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Staff photo by Wyatt Massey / A Sept. 27 picture of the sign for Welcome Home Chattanooga, located on South Germantown Road.

The food was great, they said, but the dozen people gathered around the tables came for the conversation. They came to talk about death.

The guests at "Death Over Dinner" on Thursday night at Chattanooga WorkSpace discussed their experiences caring for dying loved ones and how they think about their own funerals. The conversations were designed to bring light to the often-taboo topic of death, said Sherry Campbell, executive director of Welcome Home of Chattanooga, the nonprofit that helped create the event.

In recent decades, people have moved the process of death and caring for those in their final days to hospital systems and nursing homes, rather than the process of dying being a family affair. This has created a disconnect between loved ones and the natural passing of friends and family, Campbell said.

Each course of the dinner included a prompt for the tables to discuss topics, such as what they think a "good death" is and who they would want to speak at their funeral.

Having a place to come and talk about a topic like death makes it easier to ask questions, Todd Gavin said. The table was a safe place to work through difficult topics.

"It's kind of hard to start these conversations with your golf buddies," he said. "But once you've had it 10 times, it gets easier."

Gavin said he has been thinking a lot about what it means to live a meaningful life before death.

During the dinner, each participant shared a story about a loved one who had died, then lit a candle in their memory. Some people at the table had friends or family who died suddenly, who died young. Others cared for their parents for years before they died.

More Events


*Welcome Home of Chattanooga is hosting more conversational events this fall, including:

  • Oct. 17, 6 p.m.: “Let’s Talk About Hospice” at Unitarian Universalist Church
  • Oct. 24, 6 p.m.: Death Cafe at Wildflower Tea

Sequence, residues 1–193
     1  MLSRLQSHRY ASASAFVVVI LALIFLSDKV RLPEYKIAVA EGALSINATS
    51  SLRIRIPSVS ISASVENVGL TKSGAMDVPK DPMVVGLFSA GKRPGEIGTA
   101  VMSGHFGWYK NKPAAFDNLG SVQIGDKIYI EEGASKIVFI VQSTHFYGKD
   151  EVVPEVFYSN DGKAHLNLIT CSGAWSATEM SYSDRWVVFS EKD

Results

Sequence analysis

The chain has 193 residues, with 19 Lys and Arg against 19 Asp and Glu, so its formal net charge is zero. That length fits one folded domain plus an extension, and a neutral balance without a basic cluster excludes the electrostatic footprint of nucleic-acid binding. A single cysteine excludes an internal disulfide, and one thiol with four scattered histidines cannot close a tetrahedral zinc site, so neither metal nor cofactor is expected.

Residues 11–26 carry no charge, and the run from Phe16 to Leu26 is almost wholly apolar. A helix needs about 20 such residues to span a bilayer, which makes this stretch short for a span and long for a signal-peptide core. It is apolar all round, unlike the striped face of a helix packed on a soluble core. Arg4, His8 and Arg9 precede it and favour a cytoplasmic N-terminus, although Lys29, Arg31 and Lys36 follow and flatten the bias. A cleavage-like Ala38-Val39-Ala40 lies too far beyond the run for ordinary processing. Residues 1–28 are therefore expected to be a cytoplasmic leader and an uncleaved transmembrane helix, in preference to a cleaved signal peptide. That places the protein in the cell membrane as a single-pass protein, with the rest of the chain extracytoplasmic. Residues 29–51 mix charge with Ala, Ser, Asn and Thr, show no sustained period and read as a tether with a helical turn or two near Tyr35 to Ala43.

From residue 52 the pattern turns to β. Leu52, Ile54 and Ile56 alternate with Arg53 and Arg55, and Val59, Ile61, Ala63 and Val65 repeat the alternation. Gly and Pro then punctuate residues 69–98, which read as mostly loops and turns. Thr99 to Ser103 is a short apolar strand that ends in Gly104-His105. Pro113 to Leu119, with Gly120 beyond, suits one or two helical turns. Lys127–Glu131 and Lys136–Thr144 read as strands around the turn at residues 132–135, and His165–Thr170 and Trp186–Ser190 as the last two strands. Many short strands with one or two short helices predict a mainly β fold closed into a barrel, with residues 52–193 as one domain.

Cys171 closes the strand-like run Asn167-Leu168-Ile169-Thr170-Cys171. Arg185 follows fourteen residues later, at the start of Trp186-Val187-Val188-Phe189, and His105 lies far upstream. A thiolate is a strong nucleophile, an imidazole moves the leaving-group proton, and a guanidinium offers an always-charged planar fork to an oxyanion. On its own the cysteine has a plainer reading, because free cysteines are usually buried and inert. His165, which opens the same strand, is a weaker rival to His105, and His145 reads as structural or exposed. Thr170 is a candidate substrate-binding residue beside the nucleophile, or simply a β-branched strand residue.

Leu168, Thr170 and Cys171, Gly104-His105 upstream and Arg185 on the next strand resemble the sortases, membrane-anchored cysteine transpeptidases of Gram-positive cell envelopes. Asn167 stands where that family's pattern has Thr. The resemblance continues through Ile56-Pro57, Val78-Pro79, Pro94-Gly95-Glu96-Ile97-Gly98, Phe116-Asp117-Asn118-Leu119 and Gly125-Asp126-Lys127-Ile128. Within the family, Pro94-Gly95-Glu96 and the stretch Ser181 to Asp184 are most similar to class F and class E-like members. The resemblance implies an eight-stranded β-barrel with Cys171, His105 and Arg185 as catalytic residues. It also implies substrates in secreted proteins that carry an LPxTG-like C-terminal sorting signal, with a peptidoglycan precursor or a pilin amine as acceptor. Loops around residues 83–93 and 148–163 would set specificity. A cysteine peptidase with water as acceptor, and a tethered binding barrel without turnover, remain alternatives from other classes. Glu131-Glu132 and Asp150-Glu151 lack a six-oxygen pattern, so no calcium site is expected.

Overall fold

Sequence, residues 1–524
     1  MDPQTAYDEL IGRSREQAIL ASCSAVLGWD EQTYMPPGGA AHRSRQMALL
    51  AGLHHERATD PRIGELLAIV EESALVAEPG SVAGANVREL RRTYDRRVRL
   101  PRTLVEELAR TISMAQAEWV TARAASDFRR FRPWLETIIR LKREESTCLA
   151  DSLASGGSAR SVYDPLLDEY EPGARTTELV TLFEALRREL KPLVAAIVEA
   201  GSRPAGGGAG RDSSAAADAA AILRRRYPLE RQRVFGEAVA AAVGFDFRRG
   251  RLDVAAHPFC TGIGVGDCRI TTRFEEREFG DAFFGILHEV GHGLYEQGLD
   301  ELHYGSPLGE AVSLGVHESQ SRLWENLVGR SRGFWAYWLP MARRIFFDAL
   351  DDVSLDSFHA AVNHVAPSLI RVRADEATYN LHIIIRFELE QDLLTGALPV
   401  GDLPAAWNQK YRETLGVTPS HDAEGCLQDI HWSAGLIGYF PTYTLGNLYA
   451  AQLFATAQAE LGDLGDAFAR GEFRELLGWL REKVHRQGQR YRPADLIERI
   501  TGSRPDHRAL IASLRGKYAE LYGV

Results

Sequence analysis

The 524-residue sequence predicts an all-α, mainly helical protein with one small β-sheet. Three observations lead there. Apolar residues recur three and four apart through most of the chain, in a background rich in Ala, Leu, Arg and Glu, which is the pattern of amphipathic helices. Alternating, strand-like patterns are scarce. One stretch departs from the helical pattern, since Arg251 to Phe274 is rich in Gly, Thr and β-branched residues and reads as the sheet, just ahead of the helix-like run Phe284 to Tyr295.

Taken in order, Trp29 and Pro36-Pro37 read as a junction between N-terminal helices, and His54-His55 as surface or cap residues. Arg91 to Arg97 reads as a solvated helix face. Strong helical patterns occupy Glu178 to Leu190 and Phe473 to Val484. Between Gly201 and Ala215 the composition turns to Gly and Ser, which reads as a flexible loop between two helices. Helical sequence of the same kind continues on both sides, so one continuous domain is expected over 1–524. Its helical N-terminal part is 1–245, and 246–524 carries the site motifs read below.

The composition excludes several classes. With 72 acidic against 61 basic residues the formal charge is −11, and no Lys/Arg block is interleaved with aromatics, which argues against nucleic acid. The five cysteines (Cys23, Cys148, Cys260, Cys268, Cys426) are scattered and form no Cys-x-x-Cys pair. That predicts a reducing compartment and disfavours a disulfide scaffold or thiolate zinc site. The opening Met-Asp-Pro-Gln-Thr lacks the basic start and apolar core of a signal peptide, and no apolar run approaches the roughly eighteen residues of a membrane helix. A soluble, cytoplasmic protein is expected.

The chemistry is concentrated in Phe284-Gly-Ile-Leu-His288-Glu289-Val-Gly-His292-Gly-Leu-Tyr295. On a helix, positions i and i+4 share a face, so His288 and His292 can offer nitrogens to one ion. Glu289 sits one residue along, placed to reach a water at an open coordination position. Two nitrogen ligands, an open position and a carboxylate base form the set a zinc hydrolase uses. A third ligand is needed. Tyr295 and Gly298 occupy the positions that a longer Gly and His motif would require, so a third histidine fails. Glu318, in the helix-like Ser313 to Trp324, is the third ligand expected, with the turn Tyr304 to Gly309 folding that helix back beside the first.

• Nov 14, 6 p.m.: “Grief and the Holidays” at Hospice of Chattanooga Bereavement Center

People should not be afraid of death, said Annie Cox, who works part time at Welcome Home of Chattanooga. If people think ahead, they can have the death and funeral they want, rather than being scared, she said.

"I strongly want to support removing the taboo about talking about death and dying because it's universal to all and because it's universal to all it must be a blessing," Cox said.

Cox said she was inspired seeing new people at the event. Welcome Home of Chattanooga, a five-bedroom home for end-of-life care for people who do not have a place to go, has held similar conversation events in the past. The Thursday night event was held in partnership with The Chattery, a local education nonprofit.

Bill Fischer, who runs an end-of-life planning ministry, said educational events such as the dinner are helpful for people to know they are not alone in being scared about death or dealing with the deaths of loved ones. The conversations are important ones to have long before the day comes, he said.

From the reporter

I became a journalist to help people see people as people. But highlighting the human side of every policy decision, and how it is affecting your community, takes time as well as support from readers. If you believe in telling the stories of people in your community, please subscribe to the Times Free Press today. Contact me at wmassey@timesfreepress.com or 423-757-6249. Find me on Twitter at @News4Mass.

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